The wine cave everyone’s been talking about

The term being used is “wine cave” _ but, ah, it’s not just any wine cave.

In Dallas, Craig and Kathryn Hall are household names. Kathryn once ran for mayor. And Craig is the force behind Hall Arts, which adorns the Dallas Arts District with a new 183-room hotel, office space, the Texas Sculpture Walk and four gourmet restaurants. The couple also owns two wineries in the lush Napa Valley of California, and it’s those that are making national news _ as a hot point in the 2020 presidential race.

Democratic rivals of South Bend, Ind., Mayor Pete Buttigieg are seizing on a recent fundraising event as a way of hurling barbs at Mayor Pete, as The New York Times puts it, “for soliciting campaign contributions from wealthy donors.” Blasts from two candidates bombarded Buttigieg during last Thursday’s debate.

And where did the fundraiser in question take place? The term being used is “wine cave” _ but, ah, it’s not just any wine cave.

The Halls, who own the Hall St. Helena and Hall Rutherford wineries, are taking issue with how the Buttigieg fundraiser has been portrayed, though the wine cave in question is part of Hall Rutherford.

To wit, The Times offered this cheeky description, noting that visitors “must navigate a hillside shrouded in mossy oak trees and walk down a brick-and-limestone hallway lined with wine barrels. Inside the room, a strikingly long table made of wood and onyx sits below a raindrop chandelier with 1,500 Swarovski crystals.” Artist Donald Lipski designed the chandelier.

The crystals alone gave Sen. Elizabeth Warren of Massachusetts all the ammunition she needed. She blasted Buttigieg for holding a fundraiser in a wine cave “full of crystals” where, according to her, guests were served $900 bottles of wine.

“Billionaires in wine caves should not pick the next president of the United States,” Warren fumed.

The Halls have already sharply contested that description, noting that the winery’s most expensive wine costs about $350 a bottle, though you can buy an extra-large bottle _ equivalent to four standard-size bottles _ for about $900. And, the couple say, they did not serve the most expensive wine during the fundraiser, which the Halls attended.

Asked for comment on Monday, Craig Hall gave this statement to The Dallas Morning News:

“We were honored to be able to host Pete and hear more about his stance on our country’s issues, and we had a lively, informative discussion to gain a better understanding of his platform. The evening was hosted in our working wine cave (which are common in the wine industry and have been used for thousands of years to store barrels _ they are also more environmentally friendly, as they require no refrigeration, heating or humidity control.) At the end of the day, we all have one common goal _ to support and elect the candidate who we believe will have the most positive impact on our country and will best advocate for all Americans.”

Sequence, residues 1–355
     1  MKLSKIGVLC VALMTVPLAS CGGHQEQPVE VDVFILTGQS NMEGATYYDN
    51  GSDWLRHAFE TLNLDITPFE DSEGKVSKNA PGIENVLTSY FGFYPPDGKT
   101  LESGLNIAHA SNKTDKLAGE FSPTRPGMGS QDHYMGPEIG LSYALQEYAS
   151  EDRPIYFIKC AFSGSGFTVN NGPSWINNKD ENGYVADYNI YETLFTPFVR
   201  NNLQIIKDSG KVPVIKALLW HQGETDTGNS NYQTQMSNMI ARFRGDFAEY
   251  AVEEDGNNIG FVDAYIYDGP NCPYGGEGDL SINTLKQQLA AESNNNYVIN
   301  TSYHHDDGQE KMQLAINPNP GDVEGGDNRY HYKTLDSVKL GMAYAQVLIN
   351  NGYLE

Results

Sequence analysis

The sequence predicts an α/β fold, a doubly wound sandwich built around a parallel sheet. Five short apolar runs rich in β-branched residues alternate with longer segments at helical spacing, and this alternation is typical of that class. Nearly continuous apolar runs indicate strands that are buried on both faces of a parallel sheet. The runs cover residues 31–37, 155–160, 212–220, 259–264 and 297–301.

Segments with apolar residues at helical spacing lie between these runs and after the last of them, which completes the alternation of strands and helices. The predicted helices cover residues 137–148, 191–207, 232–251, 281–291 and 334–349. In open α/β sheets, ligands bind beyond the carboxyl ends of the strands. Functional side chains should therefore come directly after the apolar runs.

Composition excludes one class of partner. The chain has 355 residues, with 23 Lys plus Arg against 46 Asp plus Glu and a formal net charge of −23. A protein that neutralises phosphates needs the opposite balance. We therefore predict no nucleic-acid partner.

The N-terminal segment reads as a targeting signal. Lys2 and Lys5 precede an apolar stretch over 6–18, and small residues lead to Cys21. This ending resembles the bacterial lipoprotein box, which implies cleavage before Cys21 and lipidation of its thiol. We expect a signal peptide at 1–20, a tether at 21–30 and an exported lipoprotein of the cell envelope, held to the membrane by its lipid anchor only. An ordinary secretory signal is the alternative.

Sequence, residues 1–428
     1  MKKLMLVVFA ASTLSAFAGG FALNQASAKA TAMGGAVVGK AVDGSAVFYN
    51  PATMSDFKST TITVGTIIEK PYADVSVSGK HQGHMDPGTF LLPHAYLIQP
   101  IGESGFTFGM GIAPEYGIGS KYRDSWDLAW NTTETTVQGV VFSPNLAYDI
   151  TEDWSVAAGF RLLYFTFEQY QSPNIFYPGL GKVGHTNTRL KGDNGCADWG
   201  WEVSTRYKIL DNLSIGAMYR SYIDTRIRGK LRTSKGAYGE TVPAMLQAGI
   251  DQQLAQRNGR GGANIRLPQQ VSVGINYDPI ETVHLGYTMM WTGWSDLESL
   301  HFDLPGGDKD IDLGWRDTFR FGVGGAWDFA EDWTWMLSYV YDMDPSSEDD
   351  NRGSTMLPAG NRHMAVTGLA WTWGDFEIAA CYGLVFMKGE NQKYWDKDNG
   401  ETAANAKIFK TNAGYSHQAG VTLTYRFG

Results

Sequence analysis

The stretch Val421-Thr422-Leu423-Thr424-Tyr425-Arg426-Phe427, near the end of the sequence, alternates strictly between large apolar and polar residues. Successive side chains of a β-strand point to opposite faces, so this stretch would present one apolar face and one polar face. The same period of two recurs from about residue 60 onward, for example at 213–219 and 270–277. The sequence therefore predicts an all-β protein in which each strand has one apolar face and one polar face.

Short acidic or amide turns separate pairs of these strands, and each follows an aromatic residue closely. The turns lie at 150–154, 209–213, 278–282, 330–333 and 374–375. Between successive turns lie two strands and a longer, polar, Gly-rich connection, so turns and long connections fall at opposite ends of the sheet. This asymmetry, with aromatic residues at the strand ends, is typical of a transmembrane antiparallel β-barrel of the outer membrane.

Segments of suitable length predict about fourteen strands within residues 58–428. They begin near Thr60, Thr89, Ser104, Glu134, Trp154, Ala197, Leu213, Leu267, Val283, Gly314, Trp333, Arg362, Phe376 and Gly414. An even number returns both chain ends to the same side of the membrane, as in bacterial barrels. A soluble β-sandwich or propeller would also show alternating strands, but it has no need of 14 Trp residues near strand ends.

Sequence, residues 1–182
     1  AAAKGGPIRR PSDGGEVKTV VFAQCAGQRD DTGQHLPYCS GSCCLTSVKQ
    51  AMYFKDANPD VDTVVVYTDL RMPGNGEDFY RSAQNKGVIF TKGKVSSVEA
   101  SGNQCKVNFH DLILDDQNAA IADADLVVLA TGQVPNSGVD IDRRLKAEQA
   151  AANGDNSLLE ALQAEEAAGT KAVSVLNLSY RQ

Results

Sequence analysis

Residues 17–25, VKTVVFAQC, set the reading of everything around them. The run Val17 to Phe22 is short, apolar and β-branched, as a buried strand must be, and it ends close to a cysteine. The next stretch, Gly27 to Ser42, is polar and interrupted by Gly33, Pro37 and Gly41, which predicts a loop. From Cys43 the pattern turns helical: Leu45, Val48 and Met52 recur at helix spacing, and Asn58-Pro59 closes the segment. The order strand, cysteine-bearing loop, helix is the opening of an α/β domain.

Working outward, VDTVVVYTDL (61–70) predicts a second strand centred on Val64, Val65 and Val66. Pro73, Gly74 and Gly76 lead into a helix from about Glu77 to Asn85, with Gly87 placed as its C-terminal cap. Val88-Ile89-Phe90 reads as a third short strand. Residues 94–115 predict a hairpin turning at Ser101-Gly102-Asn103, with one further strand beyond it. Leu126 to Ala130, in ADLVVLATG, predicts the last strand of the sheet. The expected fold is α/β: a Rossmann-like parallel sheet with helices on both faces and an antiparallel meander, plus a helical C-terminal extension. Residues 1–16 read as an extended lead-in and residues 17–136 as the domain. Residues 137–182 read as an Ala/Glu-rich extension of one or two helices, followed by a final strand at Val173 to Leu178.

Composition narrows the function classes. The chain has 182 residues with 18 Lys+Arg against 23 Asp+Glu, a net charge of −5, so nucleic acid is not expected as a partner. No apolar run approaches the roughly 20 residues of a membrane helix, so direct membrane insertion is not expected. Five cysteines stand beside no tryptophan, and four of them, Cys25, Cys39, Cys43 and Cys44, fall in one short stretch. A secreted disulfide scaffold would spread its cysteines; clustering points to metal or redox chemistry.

When it came to fixating on the wine cave, Warren wasn’t the only critic wielding a barbed corkscrew.

Former tech exec Andrew Yang, who is also running for the Democratic presidential nomination, said candidates should not have to “shake the money tree in the wine cave.”

Mr. Hall chose to address that criticism in a story published in The New York Times: “I’m just a pawn here,” said the man who with his wife owns Hall Wines, which is known for its cabernet sauvignon. “They’re making me out to be something that’s not true. And they picked the wrong pawn. It’s just not fair.”

And, well, as it turns out, the wine war cuts both ways.

Mother Jones reported Saturday that in June 2018, Sen. Warren held a fundraiser at City Winery Boston, where guests who contributed at least $1,000 received a souvenir wine bottle, according to The Associated Press.

Craig Hall also told The Times that he didn’t know if any billionaires attended the Napa fundraiser (unless, of course, we count him).

“I don’t think anyone came with the expectation that they were going to become Pete’s good buddy for some personal purpose,” Mr. Hall told The Times.

The Halls’ Democratic roots go way back.

In 1997, President Bill Clinton appointed Kathryn Hall as U.S. ambassador to Austria. For the rest of his second term, the Halls lived in Vienna, in the official residence of the U.S. ambassador, where President John F. Kennedy and Soviet premier Nikita Khrushchev held a pivotal summit meeting in 1961.

In Vienna, the ambassadorial Halls threw parties where, at times, guests included Nobel Prize winner Elie Wiesel, Nazi hunter Simon Wiesenthal, novelists Toni Morrison and Richard Ford, wine connoisseur Robert Mondavi, fashion designer Geoffrey Beene and former President Jimmy Carter.

After they were married, the Halls gave more than $234,000 to Democrats in the 1996 elections, which helped elect Clinton to a second term.

(c)2019 The Dallas Morning News

Distributed by Tribune Content Agency, LLC.

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